Cover: Diary of Charles Francis Adams, Volume 6 in HARDCOVER

Diary of Charles Francis Adams, Volume 6

January 1833 – June 1836

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$193.00 • £154.95 • €173.50

ISBN 9780674204027

Publication Date: 01/01/1974


His crankiness makes his diary fascinating… In disliking and criticizing he describes, and thus shows us the texture of his daily life. The Adamses being who they were, their trivia are apt to be American history.The New Yorker

Adams wrote candidly and well about a wide range of subjects; the editors and publishers have made his writing available in the clearest possible form so that many may easily experience the particular delight of any outstanding diary the opportunity to see a man and his time through his own eyes and thoughts.The Baltimore Sun

Although the editorial scholarship continues to be staggering…it never seems to be obtrusive, never unnecessary scholarship. The editors are the true heirs of an important part of the family tradition initiated by Charles Francis Adams: its legacy of selfless and creative editorial scholarship.—Peter Shaw, American Scholar

Most readers will find their fascination in the picture that Adams gives of an important American family and the life of one intelligent, highly individual member of it… The work is a solid and graceful achievement in scholarly publishing. Would that more of Charles Francis Adams could reach a general audience. His is one of the great diaries.—William Bentinck-Smith, Harvard Magazine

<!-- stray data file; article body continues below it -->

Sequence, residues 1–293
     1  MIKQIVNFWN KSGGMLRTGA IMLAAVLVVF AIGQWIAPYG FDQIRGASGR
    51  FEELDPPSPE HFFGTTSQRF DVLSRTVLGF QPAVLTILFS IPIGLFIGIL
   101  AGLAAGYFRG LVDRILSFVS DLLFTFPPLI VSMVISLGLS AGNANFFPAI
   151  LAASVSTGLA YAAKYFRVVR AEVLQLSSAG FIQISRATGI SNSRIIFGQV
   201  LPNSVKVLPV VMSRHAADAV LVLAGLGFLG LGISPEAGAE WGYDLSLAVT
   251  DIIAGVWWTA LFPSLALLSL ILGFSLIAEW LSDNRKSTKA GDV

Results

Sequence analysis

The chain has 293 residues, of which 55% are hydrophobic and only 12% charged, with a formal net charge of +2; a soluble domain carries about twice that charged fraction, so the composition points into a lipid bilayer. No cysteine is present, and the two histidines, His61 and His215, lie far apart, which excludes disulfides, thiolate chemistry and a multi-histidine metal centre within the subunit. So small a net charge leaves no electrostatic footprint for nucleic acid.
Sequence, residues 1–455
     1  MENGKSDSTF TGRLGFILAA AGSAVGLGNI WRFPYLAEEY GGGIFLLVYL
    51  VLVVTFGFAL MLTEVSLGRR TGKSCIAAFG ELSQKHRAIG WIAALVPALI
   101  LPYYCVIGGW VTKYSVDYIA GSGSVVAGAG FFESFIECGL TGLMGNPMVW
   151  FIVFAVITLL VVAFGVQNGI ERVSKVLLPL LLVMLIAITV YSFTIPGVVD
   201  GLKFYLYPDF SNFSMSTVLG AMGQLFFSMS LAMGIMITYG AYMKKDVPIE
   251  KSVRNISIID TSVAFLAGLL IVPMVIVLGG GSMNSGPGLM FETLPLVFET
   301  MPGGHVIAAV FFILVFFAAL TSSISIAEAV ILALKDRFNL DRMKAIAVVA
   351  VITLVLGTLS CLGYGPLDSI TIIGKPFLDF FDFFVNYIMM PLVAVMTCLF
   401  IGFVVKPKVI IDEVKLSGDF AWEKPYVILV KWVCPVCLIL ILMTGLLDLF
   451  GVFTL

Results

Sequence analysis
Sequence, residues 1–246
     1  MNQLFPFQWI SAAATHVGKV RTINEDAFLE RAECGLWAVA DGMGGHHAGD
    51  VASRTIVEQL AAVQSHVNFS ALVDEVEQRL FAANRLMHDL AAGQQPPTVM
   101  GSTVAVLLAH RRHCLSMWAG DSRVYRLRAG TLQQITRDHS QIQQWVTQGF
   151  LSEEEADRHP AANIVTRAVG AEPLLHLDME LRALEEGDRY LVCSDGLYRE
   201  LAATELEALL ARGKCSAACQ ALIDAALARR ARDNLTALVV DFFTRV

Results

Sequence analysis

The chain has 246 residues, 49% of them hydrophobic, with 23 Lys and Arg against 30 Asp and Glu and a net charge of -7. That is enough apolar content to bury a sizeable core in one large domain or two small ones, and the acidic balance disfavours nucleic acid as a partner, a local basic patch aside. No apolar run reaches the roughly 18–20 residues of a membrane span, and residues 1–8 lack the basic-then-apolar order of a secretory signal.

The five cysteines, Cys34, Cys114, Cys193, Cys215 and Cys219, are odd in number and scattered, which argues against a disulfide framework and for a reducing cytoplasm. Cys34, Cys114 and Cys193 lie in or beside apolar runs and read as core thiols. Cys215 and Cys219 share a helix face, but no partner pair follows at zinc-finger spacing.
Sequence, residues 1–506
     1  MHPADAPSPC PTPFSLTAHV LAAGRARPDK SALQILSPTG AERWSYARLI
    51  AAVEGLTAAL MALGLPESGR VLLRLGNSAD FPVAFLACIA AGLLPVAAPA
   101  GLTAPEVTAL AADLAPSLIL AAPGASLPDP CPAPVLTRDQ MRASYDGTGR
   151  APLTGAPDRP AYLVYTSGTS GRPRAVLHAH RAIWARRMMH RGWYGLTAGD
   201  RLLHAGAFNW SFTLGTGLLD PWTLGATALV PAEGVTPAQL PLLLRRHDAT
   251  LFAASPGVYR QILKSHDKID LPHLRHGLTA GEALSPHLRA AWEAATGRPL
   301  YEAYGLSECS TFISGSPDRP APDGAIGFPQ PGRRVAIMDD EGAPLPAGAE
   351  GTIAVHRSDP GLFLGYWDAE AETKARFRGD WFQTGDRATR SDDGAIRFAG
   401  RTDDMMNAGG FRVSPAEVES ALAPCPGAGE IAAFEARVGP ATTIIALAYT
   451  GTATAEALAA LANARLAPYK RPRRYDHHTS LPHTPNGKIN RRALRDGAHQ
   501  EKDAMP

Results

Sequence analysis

The effect is rather that of a vastly expanded novel about nineteenth-century upper-middle-class life. Adams had not yet entered his public career; the diary is thus almost entirely personal. And this is its appeal. It gives, as few other works do, a richness of texture, a feeling for the quality of life, and a sense of the relationship of people to each other which is invaluable for the American historian.—Page Smith, Journal of American History

It is no attack upon these volumes to observe that the data they provide is rather low-keyed. But it is precisely because of the relatively quiet world the Diary portrays that another, perhaps equally important question is raised. It is the question of the Diary form—the peculiar aesthetic power which resides in the well-made journal. In this case, undistracted by the glitter of major historical events or novelistic renditions of personal crisis, the reader finds himself able to focus on the central experience of absorbing, entry by entry, the daily chronicle of a man’s life.—Robert F. Lucid, The New England Quarterly

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